Why all-or-nothing thinking can undermine your good

I was chatting to a friend recently who told me he could no longer be bothered with people, his choice, as far as he was concerned sooner or later everyone disappointed him.

With him you’re either totally out or you’re totally in, that’s just the type of guy he is.

But I could see that he was paying a price for this all-or-nothing thinking.

His ‘absolutism’ was reflected in the shrinking of his social life to his wife, daughter and the odd precariously positioned friend but also in the narrowing of his exposure to different world views.

I also wondered, given its ubiquity as a symptom of depression, whether there was more to his glum mood than he was letting on.

For him people were right or wrong, brilliant or idiots. There was little room in between.

So I asked him if he’d ever made a mistake.

He acknowledged that he had.

I asked if he’d every been disappointed in something he had said or done.

Indeed, this turned out to be the case.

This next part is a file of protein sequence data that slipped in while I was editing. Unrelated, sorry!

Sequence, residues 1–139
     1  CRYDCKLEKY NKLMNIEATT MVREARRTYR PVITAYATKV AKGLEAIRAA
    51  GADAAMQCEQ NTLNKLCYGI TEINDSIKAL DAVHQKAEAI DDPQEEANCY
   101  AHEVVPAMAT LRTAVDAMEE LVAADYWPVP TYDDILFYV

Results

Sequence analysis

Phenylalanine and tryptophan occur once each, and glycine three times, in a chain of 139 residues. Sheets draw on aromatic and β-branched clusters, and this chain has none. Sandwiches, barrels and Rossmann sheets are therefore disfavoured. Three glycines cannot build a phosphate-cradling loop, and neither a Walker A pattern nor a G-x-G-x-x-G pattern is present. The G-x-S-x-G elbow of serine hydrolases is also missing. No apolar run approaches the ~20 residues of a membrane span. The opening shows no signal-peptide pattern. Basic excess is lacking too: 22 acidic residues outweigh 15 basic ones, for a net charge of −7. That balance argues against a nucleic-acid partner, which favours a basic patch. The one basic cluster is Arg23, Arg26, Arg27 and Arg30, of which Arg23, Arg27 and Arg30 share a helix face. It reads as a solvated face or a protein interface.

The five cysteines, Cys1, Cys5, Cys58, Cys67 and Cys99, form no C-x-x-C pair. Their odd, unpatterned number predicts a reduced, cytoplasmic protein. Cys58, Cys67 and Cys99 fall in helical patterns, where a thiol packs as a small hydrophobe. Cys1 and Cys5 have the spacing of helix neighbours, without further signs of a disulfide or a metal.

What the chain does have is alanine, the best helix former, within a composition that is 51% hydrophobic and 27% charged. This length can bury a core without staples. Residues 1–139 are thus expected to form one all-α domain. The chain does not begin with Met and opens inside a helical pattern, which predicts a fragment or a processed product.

And last I asked if he always trusted himself and followed through on his commitments no matter what.

Of course, it was impossible for him to answer yes to this one (who can?).

So I asked why he was applying a higher standard of behavior to others than himself?

Although it was a confronting question, it made the point.

One of the consequences of all-or-nothing thinking is that it leaves little room for people to be human.

I suggested to him that it was far more important to look at patterns of behavior over time.

The reality is that we get better at whatever it is we practice, whether that’s tennis or French, living ethically or being dishonest.

When we practice a behavior over time it becomes part of our implicit memory and that means we do it automatically without even thinking.

Habits are cues. Patterns give us deep insights into what drives people.

We are all flawed but it’s pretty easy to distinguish a mistake from behavior that is either habitual or intentional.

We want to walk the line between giving others the benefit of the doubt while guarding against those who would take advantage.

So if you are struggling to know how to respond to someone who has disappointed you then ask yourself:

  1. Is this a one-off?
  2. Have I seen this before? Regularly?
  3. Is this a slip up?
  4. Or is this a habituated part of their character?
  5. Was the incident deliberate/planned?

Hopefully the answers will help your decision-making.

Of course if you’re faced with a situation that demands it, then the fight or flight no-time-for-maybe-this-or-maybe-that decision might be appropriate.

It’s just exhausting as a way of life.

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